Workforce Trends: The Good, The Bad and the Uncertain as We Look Ahead

August 30, 2022 | Bonnie Elgie

Heading into the fall, the only thing that is certain is that there is a lot of uncertainty. This is particularly true when it comes to looking at workforce trends. Are companies hiring or laying off? Will employees be back in the office, continue to work from home or meet in the middle with a hybrid arrangement?

Debby Carreau, CEO and Founder of Inspired HR, shares her insights on what business owners can expect going forward, including:

  • How layoffs in the tech sector can benefit other industries
  • Why taking a near-term view is a smart business decision right now
  • Why family businesses are in a unique position
  • How these 5 tips can help businesses navigate through workforce uncertainty

Enjoy,
Mark

If there is one word to describe the current state of the the workforce in Canada, it’s “messy”. There was the work from home mandates during the pandemic, followed by the “great resignation”, the “great regret” and as employees look to find balance between home and work post-COVID, now we are seeing the “quiet quit”.

Debby Carreau, CEO and Founder of Inspired HR, one of Canada’s leading HR consultancy firms, has never seen anything like it.

“It’s a very difficult time for entrepreneurs and business owners because they are dealing with some many different challenges,” she says. “There is a lot of juggling right now in terms finding a balance between working remotely and in-office and figuring out what productivity looks like in a hybrid workplace.”

Layering in on top of these challenges is significant wage inflation and compression, layoffs, the threat of rising interest rates and the looming recession.


Debby adds that the recent significant layoffs in Canada’s tech sector may signal what is yet to come in other industries. She adds, “Tech has always been a leading indicator for other businesses. And so even though people say, ‘Oh, don't worry, the layoffs are only coming in the tech sector’, the reality is every time we've seen this happen in the tech sector, other industries have followed suit, probably within six months.”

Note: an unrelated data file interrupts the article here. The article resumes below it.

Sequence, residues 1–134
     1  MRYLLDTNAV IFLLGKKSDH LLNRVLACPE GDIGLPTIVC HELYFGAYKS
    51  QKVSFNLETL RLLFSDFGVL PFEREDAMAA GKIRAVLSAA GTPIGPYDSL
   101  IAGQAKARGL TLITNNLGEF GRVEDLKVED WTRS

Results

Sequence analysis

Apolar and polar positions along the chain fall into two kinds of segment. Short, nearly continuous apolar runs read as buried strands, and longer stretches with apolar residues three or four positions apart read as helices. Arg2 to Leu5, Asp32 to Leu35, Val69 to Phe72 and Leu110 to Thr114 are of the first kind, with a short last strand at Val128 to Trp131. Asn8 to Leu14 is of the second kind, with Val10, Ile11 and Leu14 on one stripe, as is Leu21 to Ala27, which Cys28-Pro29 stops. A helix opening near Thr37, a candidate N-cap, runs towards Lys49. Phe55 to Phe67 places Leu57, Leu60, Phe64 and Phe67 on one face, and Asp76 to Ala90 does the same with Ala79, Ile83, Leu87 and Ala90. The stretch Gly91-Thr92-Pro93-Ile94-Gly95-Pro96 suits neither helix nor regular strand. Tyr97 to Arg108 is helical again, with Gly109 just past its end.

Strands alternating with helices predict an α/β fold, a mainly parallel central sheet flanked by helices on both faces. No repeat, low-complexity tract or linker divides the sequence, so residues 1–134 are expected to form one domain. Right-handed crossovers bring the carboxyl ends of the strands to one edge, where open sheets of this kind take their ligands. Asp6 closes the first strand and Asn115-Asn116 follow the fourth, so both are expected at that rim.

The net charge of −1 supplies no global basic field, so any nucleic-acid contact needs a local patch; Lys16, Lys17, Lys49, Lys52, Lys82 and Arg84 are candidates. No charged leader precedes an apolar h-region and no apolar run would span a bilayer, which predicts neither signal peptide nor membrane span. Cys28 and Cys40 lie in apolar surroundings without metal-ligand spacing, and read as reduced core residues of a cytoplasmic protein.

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There is a bright side to the tech layoffs and that is those employees working in human resources, sales, marketing and finance can work cross-industry, resulting in some relief in a tight labour market.

Debby recommends that in terms of hiring decisions business owners should be much more nearsighted for the first time ever, because the market is changing so rapidly.

“If you need to hire someone and you don't need to hire them right now, we encourage businesses to maybe wait 30 or 60 days for the labor market to adjust a little bit more. You don’t want to panic and over-hire, and then get stuck in the cycle of layoffs,” she says.

While the future looks very uncertain, there is also comfort in knowing that the workforce and business challenges are being faced by small and medium-size businesses around the world and everyone is “off plan”.

"The biggest piece of advice I can give to business owners, is make your decisions as far in the future as you need to, but not more than that. Take your two- or five-year plan and break it into 90-day milestones or action items.”

Family businesses may be better positioned to weather the cycles because they typically don’t have the same attrition. Family members working in the business are usually loyal and have a vested interest in the business’ long- term success. Where the risk exists is with employees, who are not family members, and who may feel that they don’t have future opportunities or a career path of growth within the company.

With all this uncertainty, what can companies do to navigate the workforce uncertainty. Debby offers the following suggestions:

Stay calm and don’t react to the latest catchphrases or media coverage. Focus on the basics of taking care of your team by making sure that they are paid well, understand what their jobs are, and know they are valued.

Make sure you have mental health resources offered through your benefits. Employees burnout is real and at an all-time high. Ensure your employees have the support to put boundaries up around work and their personal lives.

Encourage accountability, which is different than micromanaging. Have deliverables in place where employees have to show their work. People like to be held accountable because they also want to know they are doing a good job, meeting goals and they appreciate positive reinforcement.

Start preparing now if you are planning a transition. Annual employee surveys are very valuable in terms of providing data about employee engagement scores, turnover and retention rates. Make sure you have an organizational structure in place and that there is a plan to fill vacant positions or add new roles as needed. Private equity, in particular, is looking closely at the people side of businesses as part of their due diligence.

Finally, remember that you need to make the right decision for your business. Every culture and office environment is unique. Create a framework around what will provide the most value for your business and then look to see where you can provide flexibility that your employees need.


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